In what will signal the end of a two-year long warning from British game companies, Canada is now claiming its inevitable position as the world’s third-biggest development country.
Digital media association Ontario Technology Corridor says it was “a combination of a deep talent pool, strong economy and targeted incentives” which helped Canada stride past a British sector so often embroiled in rows over tax breaks.
With the help of EA, Ubisoft and a growing army of indies, Canada is now said to have a bigger development workforce than Britain.
The Ontario Technology Corridor’s claim echoed a recent study from the Electronic Software Association of Canada, which reported that the nation now has over 14,000 game developers.
Canada, of course, is famous for its tax incentive plans – but it would be a mistake to mark this down as its sole fundamental strength.
While the UK still climbs out of a merciless economic hole (in fact, still with fears it may fall back in), Canada’s economic thermometer shows a nation in relatively fit health.
Meanwhile, as the British Lib-Con coalition makes dramatic cuts across the entire arts sector (the UK Film Council being the most recent victim), Canada’s regional politicians proactively pursue publishers to invest.
In a ten-year plan, New mega-studio Ubisoft Toronto will receive around CA$250 million investment from the Ontario state government.
Canada has no wish to stop now. Its next target is Japan, which sits in second behind the US. This week the Ontario Technology Corridor has scattered its executives out to Cologne to attend GDC Europe – here the association will network and am to arouse interest in moving to Canada.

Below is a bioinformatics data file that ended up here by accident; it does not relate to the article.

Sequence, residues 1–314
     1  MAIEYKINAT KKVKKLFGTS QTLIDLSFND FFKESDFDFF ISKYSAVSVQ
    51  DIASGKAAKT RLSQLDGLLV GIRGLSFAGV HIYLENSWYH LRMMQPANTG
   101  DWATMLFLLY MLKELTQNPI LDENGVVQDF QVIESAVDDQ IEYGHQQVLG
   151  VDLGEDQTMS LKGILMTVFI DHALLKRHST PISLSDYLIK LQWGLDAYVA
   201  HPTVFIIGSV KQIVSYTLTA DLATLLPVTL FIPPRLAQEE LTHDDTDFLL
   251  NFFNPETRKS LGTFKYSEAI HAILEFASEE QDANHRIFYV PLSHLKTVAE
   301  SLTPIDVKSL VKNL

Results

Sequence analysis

The move is reminiscent of a Nova Scotia game body’s recent attendance at the Develop Conference, where the association tried to lure developers to relocate to the thriving region.
Recently, a number of British game developers were outraged at being handed what they described as “mock-up Canadian Passports” – handed out at a UK-focused game event to advertise the benefits of developing games in Canada.
Meanwhile, the Ontario government recently opened a dedicated ‘digital media’ institute at The University of Waterloo. The wing cost $20 million, and first classes begin this year.
”Ontario’s fast-growing entertainment and creative cluster produces $15 billion in revenue and over 200,000 jobs, contributing $12.7 billion to the province’s GDP,” said Ontario Technology Corridor.
Gerry Pisarzowski, an Ontario Technology Corridor partner exec, said his task now is to “add to our tremendous home-grown crop of companies and help demonstrate that Ontario is a prime destination in North America for gaming investments.”